• Habbabkuk (flush out fakes)

      On one level you are right. But I doubt that many of the (UK) tax avoiders who might appear on the lists make much use of the benefits given by the UK state – eg, the NHS, state education, social security benefits, (subsidised) public transport and the friendly neighbourhood bobby.

      • bevin

        I don’t doubt that they make use of the more substantial benefits: from use of the armed forces and the legislature to de-criminalise their behaviours, to scooping up their shares of public property being auctioned off (cheap guv), and fat contracts of every kind, including the National Debt.
        You just don’t understand the way that government works do you? Maybe you should spend less time posting drivel on this site and catch up with the history of Great Britain. 1688 is a good starting point, if you must cheat.

    • Habbabkuk (flush out fakes)

      As for the politicians, you will know that their expenses and such like perks are there because UK govts were afraid to up their headline salaries.

      • Herbie

        That’s how it was spun, and plausibly so.

        But it also had the remarkably unforseen effect of keeping pliant those who enjoyed the perks.

    • fedup (Watch out there is a snitch about)

      Sylvia you have already noticed the zionist chief propagandist and a self confessed snitch in residence, has addressed your points with a series of homilies beginning with you; “you are right but ……..” format, excusing the fat cats because they don’t use this and that, so then they don’t pay for it! Which the answer to that is if they don’t want to pay for it, then they best hit the road and find elsewhere and stay closer to their ill gotten gains, conducting their rotten! Why are they hanging around our neck of the woods?

      The point you have raised about “fairness” is not correct, it is about responsibility, the responsibility towards a system that has afforded them to be stinking rick and yet these same fat cats are shrugging off their dues, and cheat in discharging their responsibility of looking after the system by contributing to the said system in full!! They can always become tax exiles and stay the hell out of our neck of the woods, but these cheats and thieves want their cake and eat it at the same time, and that is not on!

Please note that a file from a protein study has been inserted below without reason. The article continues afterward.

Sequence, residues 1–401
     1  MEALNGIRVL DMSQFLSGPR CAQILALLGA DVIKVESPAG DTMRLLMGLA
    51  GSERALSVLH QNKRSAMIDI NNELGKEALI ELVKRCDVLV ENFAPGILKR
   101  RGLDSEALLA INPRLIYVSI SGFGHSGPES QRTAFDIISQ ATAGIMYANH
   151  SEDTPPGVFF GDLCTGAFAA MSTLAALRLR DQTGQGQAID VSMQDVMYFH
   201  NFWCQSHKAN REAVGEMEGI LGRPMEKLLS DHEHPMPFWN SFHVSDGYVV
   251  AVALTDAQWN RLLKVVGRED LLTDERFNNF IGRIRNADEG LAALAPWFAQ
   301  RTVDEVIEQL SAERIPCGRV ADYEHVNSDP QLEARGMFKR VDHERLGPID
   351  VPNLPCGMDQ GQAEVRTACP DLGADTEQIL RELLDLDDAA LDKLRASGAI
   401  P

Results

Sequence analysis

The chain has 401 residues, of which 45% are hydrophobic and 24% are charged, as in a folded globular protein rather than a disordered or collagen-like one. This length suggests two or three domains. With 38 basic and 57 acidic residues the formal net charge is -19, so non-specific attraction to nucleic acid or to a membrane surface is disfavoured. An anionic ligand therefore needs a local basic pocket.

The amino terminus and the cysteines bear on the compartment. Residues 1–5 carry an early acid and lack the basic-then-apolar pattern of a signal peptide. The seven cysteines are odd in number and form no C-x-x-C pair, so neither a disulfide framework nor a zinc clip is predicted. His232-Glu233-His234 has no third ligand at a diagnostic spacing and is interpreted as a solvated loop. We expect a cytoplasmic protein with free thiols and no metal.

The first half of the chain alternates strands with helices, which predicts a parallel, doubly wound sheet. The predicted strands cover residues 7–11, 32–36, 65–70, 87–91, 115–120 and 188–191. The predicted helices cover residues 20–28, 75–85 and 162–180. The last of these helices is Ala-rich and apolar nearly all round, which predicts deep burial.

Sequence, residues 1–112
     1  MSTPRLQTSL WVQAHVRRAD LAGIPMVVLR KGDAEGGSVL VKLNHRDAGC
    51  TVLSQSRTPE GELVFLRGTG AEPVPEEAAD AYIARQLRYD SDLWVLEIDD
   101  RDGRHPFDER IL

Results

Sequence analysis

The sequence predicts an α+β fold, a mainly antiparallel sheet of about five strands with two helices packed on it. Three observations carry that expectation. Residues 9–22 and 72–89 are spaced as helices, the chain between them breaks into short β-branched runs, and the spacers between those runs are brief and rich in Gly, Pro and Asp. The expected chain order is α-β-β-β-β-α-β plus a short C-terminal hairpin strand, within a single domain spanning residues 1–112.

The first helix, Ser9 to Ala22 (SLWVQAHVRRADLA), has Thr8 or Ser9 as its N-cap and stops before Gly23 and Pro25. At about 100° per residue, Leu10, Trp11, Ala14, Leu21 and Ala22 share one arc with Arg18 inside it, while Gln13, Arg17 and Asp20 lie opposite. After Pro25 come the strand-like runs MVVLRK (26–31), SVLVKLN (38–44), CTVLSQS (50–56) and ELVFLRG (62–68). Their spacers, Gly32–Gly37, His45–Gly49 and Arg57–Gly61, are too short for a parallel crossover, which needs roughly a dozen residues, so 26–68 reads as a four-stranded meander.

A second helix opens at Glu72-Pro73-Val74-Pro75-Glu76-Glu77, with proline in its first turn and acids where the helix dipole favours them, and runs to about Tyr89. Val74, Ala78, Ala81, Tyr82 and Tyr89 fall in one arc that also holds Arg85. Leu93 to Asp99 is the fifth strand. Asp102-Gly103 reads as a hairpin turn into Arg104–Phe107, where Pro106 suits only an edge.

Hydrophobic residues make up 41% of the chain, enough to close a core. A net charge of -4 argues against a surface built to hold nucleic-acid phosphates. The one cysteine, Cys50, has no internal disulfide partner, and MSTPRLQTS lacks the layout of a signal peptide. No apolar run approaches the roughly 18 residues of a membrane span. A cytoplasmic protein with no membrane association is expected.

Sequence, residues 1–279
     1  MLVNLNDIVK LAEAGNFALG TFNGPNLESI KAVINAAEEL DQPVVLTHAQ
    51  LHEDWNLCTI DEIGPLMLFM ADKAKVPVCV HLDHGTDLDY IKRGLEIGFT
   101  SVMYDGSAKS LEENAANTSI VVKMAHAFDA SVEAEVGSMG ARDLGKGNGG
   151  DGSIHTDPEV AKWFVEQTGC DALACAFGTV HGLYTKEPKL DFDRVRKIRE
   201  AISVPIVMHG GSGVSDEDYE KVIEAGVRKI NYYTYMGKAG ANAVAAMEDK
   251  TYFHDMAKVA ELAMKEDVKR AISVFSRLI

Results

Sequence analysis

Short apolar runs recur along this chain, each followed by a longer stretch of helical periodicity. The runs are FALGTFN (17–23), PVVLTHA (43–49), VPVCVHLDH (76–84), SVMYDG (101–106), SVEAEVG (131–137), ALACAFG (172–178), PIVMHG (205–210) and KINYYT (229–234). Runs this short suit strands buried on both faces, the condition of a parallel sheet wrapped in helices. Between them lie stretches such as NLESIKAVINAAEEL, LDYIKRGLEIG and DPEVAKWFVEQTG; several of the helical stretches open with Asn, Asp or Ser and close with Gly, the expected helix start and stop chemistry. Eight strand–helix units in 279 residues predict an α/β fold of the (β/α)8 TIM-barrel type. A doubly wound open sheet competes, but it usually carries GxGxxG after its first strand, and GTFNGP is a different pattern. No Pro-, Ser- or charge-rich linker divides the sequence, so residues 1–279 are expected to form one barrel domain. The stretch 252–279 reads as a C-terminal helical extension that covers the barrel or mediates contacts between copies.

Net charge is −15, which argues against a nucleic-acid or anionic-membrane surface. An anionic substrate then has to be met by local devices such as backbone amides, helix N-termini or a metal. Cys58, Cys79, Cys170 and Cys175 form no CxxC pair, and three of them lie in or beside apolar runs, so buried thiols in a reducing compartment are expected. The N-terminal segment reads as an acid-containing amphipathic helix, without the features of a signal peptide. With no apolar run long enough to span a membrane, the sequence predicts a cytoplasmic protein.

• Herbie

    Looks as though those darn Ruskies gonna snitch on the Soviets little Western helpers.

    Those carefully crafted Western narratives of the pre and post war period about to be published for historians to marvel at.

    Will there be anything on Hitler’s little Western helpers:

    “The Russian President said that he has decided to declassify many archival documents, and that he will sign the decree today. And it was signed. Here:

    Bye bye, Angela.

    And he quietly added: “This, as far as I know, according to the information from archive agencies, concerns the period from 1930 to 1989. In these documents there are cases, excuse me, of snitches as well as the innocently repressed, with very interesting names, some documents will surprise society…””

    • lysias (DON'T FEED THE TROLLS)

      Some interesting things happened during that time frame that I would like to learn more about, like Pearl Harbor and the JFK assassination.

      • Habbabkuk (flush out fakes)

        I am sure you have a conspiracy theory for every one of those events, Lysias.

      • Habbabkuk (flush out fakes)

        and that you will, in the fullness of time, get round to telling us about every one of them, together with ample “source” material.

        • Herbie

          For source material, go to the trial and subsequent quiet rehabilitation of those two Admirals that Roosevelt hung out to dry.

          Pearl Harbor was encouraged, then let happen.

          Roosevelt had his pretext.

          You must be the only one on the planet, habby, still believing The Warren Commission account, as full of holes as their latest effort on 911.

    • Jim

      I’ve just clicked on your link, I’m afraid it’s gobbledygook! I couldn’t make any sense of any of it. Some sort of veiled threat?

      • Herbie

        I think the translators are doing it for free.

        But yeah. Putin is releasing archival documents from 1930 to 1989.

        He’s suggesting that they shall reveal collaborators with the Soviet regime and against humanity.